News from around the Archdiocese of Liverpool
At the end of August the Sisters of Mercy, joined by Mercy Sisters from various parts of the country, celebrated the 175th anniversary of their arrival in Liverpool.
A very joyful Mass marked such a wonderful landmark in the Mercy story and took place in the Life Health Centre, the Mother House for the Liverpool Sisters from 1969-93. Bishop John Rawsthorne presided at the Mass, with Bishop Vincent Malone preaching.
The Sisters of Mercy established the first convent in Liverpool, at the request of Dr George Brown, Vicar Apostolic of the Lancashire Region, to the foundress, Mother Catherine McAuley. The founding party of six arrived from Dublin in August 1843 and were met at the Pier Head by crowds, who flocked there out of curiosity.
Among the six was Sister M Liguori Gibson, who had made her Novitiate in Baggot Street and expressed a desire to serve in England. She later served as Mother Superior for a total of twenty-six years, and has always been considered the Liverpool foundress. She originated in West Derby and her family lived in Eaton House, a short distance from where Broughton Hall is now. She was an intelligent, well-educated young woman and came from a prosperous, Catholic family. Her father gave great support to the new convent in Mount Vernon Street, which was the Mother House from 1843 until 1969, when the Sisters moved to Yew Tree Lane, having built what is now the Life Health Centre.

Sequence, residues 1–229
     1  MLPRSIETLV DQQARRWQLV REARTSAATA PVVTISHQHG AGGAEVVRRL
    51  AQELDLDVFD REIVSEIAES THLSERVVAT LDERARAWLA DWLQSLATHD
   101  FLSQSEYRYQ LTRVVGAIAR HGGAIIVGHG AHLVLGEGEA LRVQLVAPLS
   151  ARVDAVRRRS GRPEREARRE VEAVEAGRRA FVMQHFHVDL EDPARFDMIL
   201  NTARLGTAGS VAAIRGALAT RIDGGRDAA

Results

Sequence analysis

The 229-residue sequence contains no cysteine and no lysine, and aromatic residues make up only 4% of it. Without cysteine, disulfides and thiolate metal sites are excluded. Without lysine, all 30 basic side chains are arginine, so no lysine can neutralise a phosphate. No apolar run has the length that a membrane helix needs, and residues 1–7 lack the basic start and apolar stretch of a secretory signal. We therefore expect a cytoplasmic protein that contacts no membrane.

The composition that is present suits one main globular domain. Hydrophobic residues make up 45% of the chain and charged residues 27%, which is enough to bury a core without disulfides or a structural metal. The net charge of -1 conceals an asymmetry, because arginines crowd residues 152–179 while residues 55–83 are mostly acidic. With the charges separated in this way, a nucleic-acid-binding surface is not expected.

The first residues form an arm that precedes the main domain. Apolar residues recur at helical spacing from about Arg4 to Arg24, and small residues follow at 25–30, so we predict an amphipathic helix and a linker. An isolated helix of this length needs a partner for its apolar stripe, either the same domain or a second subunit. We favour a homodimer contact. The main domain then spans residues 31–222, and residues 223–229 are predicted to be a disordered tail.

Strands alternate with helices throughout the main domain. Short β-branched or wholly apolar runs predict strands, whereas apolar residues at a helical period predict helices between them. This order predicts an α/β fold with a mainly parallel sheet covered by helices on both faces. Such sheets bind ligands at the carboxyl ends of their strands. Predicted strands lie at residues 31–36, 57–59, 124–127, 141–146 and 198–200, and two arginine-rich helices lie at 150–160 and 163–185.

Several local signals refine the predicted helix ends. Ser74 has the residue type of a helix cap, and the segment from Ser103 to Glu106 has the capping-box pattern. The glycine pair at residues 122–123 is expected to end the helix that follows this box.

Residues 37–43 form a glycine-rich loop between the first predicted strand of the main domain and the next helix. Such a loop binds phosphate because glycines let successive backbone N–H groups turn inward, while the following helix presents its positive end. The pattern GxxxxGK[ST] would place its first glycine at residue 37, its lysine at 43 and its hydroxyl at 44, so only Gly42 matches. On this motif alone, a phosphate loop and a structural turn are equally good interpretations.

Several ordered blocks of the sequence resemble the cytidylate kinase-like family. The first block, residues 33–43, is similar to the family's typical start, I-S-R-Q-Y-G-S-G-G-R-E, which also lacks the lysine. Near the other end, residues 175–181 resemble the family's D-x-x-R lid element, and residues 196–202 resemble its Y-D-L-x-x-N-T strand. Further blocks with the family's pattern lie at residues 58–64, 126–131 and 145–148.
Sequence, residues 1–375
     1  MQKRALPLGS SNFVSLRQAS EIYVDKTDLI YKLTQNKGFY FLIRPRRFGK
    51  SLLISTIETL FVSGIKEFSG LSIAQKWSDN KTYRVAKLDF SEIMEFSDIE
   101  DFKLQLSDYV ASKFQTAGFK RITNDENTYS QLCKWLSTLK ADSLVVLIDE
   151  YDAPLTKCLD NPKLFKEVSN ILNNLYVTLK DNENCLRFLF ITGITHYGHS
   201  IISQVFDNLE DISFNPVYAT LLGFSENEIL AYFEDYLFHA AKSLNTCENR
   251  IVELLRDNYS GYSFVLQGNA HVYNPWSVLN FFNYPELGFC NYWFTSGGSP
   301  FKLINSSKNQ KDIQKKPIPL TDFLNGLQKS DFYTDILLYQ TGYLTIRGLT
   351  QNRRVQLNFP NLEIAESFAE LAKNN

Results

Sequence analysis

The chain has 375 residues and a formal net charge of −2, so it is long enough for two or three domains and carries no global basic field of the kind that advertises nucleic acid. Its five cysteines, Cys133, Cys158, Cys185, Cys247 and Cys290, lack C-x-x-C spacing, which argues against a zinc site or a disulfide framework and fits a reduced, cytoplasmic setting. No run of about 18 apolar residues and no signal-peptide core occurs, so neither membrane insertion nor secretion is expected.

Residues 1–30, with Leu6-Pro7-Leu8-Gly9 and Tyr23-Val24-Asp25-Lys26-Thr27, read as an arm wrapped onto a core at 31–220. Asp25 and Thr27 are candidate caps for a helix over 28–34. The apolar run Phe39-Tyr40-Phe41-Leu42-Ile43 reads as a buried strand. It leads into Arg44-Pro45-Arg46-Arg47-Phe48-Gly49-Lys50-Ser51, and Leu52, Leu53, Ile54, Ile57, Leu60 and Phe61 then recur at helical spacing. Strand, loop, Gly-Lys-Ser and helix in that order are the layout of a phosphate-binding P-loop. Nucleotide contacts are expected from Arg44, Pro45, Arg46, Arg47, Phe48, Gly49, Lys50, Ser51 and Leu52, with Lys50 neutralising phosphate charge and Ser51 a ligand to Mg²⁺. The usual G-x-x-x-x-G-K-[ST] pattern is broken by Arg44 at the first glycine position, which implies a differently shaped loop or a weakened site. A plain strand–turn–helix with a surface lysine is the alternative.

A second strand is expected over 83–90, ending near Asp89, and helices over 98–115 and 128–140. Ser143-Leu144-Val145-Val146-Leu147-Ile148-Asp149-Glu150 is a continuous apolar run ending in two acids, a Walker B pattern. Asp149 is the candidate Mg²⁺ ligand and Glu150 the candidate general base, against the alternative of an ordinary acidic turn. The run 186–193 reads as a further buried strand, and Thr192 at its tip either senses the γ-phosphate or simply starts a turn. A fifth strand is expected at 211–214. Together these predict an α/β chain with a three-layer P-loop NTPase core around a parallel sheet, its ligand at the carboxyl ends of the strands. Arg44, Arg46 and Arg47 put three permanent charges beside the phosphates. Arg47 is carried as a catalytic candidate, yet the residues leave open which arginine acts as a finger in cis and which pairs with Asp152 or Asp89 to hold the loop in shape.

The Sisters carried out the works of Mercy through teaching, nursing, visitation of the poor, sick and dying, preparing candidates for the sacraments, and making altar breads. At the time of the Crimean War three Sisters accompanied an Irish party to tend the wounded soldiers. Two died, one of cholera and the other of typhus fever.
Following the Second Vatican Council the Liverpool community first became members of a Federation of Mercy Communities, from which the Institute of Our Lady of Mercy was formed in 1982. The Liverpool Sisters joined the Institute in 1986.